To ensure that the anti–Gr-1 antibody did not have subtle quantitative effects on neutrophil recruitment, we compared LysM-eGFP mice with and without anti–Gr-1 antibody (Figure 1G-L). The number of emigrated neutrophils was similar between the 2 groups (Figure 1G). Once emigrated, neutrophils from each group crawled with identical velocities (Figure 1H), meandering index (a measurement of the ability of a cell to move in a straight line; Figure 1I), and displacement (Figure 1J). Leukocyte crawling tracks are shown for tissue neutrophils in LysM-eGFP mice (Figure 1K) and LysM-eGFP mice treated with anti–Gr-1 (Figure 1L). These data demonstrated that no quantifiable difference in leukocyte recruitment and behavior occurred after anti–Gr-1 administration. A fluorochrome-conjugated anti-Ly6G antibody (1A8 clone) did not disrupt any of the leukocyte recruitment measurements (data not shown).

Our ability to visualize all aspects of the leukocyte recruitment cascade directly in vivo demonstrates that low-dose anti–Gr-1 antibodies do not interfere with neutrophil migration. Anti–Gr-1 administration in vitro inhibited stimulation-induced up-regulation of β2-integrins above baseline; however, cell-surface levels continued to be high, as were ICAM-1–binding levels. It is likely that these levels continue to mediate normal recruitment under in vivo physiologic models. The abrogation of arthritis reported by Wang et al is an interesting observation that highlights the need to better characterize Ly6G. However, given our data, we do not believe that the mechanism proposed by the authors adequately explains their observations. We demonstrate that fluorochrome-conjugated antineutrophil antibodies against Gr-1 can be used to investigate leukocyte recruitment without interfering with cell migration.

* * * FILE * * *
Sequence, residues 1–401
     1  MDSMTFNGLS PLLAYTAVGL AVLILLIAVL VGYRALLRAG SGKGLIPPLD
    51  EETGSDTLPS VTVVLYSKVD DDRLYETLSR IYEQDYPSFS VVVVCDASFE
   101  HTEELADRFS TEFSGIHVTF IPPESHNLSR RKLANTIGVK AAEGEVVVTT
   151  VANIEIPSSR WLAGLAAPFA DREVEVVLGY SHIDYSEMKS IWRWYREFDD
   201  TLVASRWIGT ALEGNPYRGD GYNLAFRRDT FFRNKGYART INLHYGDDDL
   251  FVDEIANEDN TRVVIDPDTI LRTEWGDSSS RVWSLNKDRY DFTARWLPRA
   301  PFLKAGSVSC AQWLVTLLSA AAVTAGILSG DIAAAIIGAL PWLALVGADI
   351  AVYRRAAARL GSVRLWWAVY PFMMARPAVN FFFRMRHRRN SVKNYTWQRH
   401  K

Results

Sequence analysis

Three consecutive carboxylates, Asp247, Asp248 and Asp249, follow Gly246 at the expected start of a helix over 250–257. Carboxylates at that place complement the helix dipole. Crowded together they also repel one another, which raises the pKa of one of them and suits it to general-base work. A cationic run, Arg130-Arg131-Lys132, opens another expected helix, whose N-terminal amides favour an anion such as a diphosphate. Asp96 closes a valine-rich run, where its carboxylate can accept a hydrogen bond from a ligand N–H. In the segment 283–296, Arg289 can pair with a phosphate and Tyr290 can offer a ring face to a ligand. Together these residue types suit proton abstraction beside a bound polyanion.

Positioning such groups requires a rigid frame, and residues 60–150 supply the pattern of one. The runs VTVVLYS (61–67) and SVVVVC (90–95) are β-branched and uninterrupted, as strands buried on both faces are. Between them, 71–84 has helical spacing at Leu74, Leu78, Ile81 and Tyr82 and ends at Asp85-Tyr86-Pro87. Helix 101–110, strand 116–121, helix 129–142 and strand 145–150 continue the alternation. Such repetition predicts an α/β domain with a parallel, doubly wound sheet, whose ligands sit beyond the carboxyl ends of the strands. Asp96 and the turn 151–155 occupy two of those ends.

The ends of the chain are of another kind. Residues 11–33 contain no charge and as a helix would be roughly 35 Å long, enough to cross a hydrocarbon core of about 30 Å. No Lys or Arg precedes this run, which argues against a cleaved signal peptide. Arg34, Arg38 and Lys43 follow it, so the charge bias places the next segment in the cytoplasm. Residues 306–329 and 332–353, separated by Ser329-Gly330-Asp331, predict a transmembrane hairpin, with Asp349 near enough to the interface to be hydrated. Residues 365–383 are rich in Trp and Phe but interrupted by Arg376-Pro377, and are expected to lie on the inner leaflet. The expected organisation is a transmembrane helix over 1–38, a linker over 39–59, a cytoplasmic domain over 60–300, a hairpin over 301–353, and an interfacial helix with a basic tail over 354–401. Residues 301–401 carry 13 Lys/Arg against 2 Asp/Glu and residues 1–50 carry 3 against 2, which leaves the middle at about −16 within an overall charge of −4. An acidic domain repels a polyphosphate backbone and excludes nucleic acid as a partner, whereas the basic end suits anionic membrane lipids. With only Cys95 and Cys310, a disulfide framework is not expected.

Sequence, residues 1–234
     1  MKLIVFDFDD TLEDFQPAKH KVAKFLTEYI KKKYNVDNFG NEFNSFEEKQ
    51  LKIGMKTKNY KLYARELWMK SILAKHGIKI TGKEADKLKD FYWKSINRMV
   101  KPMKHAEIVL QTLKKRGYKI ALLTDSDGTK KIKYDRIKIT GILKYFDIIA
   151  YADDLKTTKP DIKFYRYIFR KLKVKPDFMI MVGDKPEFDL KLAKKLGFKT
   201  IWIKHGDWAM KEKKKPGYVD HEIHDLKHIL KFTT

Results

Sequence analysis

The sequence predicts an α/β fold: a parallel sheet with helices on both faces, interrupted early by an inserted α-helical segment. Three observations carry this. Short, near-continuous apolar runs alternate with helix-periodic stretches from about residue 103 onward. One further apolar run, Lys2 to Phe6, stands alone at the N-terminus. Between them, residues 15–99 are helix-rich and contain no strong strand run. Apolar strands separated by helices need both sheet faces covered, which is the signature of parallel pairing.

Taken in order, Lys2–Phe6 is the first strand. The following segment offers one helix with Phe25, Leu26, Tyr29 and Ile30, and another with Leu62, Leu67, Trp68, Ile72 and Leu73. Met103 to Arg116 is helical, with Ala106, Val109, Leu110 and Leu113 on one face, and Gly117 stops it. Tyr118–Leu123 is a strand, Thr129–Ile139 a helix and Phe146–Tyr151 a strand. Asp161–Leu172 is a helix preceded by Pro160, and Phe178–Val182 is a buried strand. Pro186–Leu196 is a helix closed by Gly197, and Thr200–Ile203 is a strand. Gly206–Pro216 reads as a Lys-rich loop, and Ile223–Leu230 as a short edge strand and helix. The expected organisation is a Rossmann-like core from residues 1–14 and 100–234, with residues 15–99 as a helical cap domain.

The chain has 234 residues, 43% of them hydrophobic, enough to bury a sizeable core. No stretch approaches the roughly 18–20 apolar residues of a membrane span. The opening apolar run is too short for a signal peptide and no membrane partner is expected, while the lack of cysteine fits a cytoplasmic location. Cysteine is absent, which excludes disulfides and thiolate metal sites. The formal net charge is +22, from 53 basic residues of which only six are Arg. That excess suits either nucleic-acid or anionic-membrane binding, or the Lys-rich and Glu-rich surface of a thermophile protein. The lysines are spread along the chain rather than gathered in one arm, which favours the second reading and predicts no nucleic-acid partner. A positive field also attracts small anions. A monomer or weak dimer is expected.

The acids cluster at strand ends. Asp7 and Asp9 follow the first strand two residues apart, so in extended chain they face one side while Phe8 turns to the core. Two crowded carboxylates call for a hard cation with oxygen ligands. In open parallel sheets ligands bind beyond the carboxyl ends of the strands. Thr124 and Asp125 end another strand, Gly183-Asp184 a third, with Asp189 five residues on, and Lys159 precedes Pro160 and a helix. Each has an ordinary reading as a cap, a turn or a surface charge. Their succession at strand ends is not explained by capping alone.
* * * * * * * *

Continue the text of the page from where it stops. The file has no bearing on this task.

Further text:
The online version of this article contains a data supplement.

Acknowledgments: The Canadian Institute of Health Research provided the operating grants to support this work. P.K. is an Alberta Innovates Health Solutions Scientist, Canada Research Chair, and the Snyder Chair in Critical Care Medicine. B.G.Y is a Clinical Scholar in the Department of Critical Care Medicine (University of Calgary), an Alberta Innovates Health Solutions Clinical Fellow, and a Canadian Institute of Health Research Fellow.

Contribution: B.G.Y designed and performed the experiments, analyzed the results, produced the figures, and wrote the manuscript; and P.K designed the research and wrote the manuscript.

Conflict-of-interest disclosure: The authors declare no competing financial interests.

Correspondence: Dr Bryan G. Yipp, McCaig Tower, 3134 Hospital Drive NW, Calgary, AB, Canada T2N 2T9; e-mail: bgyipp{at}; or Dr Paul Kubes, HRIC 4AA16, 3330 Hospital Drive NW, Calgary, AB, Canada T2N 4N1; e-mail: pkubes{at}